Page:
While conducting a survey ahead of the installation of water pipes in Rome, archaeologists uncovered the remains of three structures belonging to a 2,000-year-old funerary complex. Of particular interest is the discovery of a statue that many believe resembles the Cowardly Lion from The Wizard of Oz.
According to Daniela Porro, head of Italy‘s Superintendency of Archaeology, Fine Arts and Landscape, the complex is located in the Appio-Latino neighborhood, a mile south of the Porta Latina gate in the Aurelian Walls. It sits upon a concrete base, and was discovered approximately half a meter below ground, along the ancient Via Latina.
It’s believed the structures, which have been determined to be tombs, were erected between the first century B.C. and 100 A.D. They were likely part of a complex constructed using the front of an abandoned pozzolana quarry.
The complex’s integrity has been compromised, due to construction work conducted before policies were put in place to protect Rome’s ancient architecture, and there are signs of fire damage in one tomb. Each of the three was constructed of different material, with the first containing remnants of yellow tufa wall; the second featuring opus reticulatum (diamond-shape tufa bricks); and the third, stone plinth.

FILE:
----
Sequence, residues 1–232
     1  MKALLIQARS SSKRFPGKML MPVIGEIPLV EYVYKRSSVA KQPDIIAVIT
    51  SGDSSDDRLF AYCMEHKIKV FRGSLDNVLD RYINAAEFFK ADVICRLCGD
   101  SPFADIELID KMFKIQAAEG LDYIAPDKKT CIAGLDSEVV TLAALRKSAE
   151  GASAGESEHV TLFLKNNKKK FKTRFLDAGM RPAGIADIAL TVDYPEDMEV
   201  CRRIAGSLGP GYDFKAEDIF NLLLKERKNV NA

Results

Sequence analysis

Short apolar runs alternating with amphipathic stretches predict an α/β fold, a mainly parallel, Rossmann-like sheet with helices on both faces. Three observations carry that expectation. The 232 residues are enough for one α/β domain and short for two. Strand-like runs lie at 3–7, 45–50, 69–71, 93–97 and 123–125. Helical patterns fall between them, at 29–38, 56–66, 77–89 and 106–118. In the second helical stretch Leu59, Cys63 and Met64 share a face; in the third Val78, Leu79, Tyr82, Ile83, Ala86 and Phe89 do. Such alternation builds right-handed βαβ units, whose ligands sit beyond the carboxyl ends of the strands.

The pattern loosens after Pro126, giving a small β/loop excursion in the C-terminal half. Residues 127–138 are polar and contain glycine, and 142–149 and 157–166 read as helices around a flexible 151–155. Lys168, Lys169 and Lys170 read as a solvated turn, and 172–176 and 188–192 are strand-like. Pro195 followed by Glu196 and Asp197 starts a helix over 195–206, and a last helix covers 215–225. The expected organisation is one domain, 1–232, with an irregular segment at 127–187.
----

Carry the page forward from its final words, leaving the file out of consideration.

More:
Speaking with RomaToday, Porro emphasized the discovery’s importance to our ever-developing knowledge of ancient Rome, saying, “Once again, Rome shows important traces of the past throughout its urban fabric.”
Via Luigi Tosti, quartiere Appio Latino, archeologia preventiva per sostituzione rete idrica: ritrovati tre edifici sepolcrali di uno stesso complesso funerario sulla via Latina, I secolo a.C. e I secolo d.C.
— ClassiCult (@ClassiCultit) January 2, 2022
Found within the funery was a ceramic urn with bone fragments, as well as traces of a youth buried in the earth. Also uncovered was a terracotta dog, which many believe resembles the Cowardly Lion from 1939’s The Wizard of Oz. This form of artifact was typically used as a spout to divert water from roofs. However, this particular one doesn’t contain any holes, leading archaeologists to theorize it likely served a decorative purpose.
It was discovered in an early archaeological layer with portions of frescoed plaster, and is believed to predate the tombs.
The site is near the ancient catacomb of Ipogeo di Via Dino Compagni, which was discovered during construction work in the 1950s.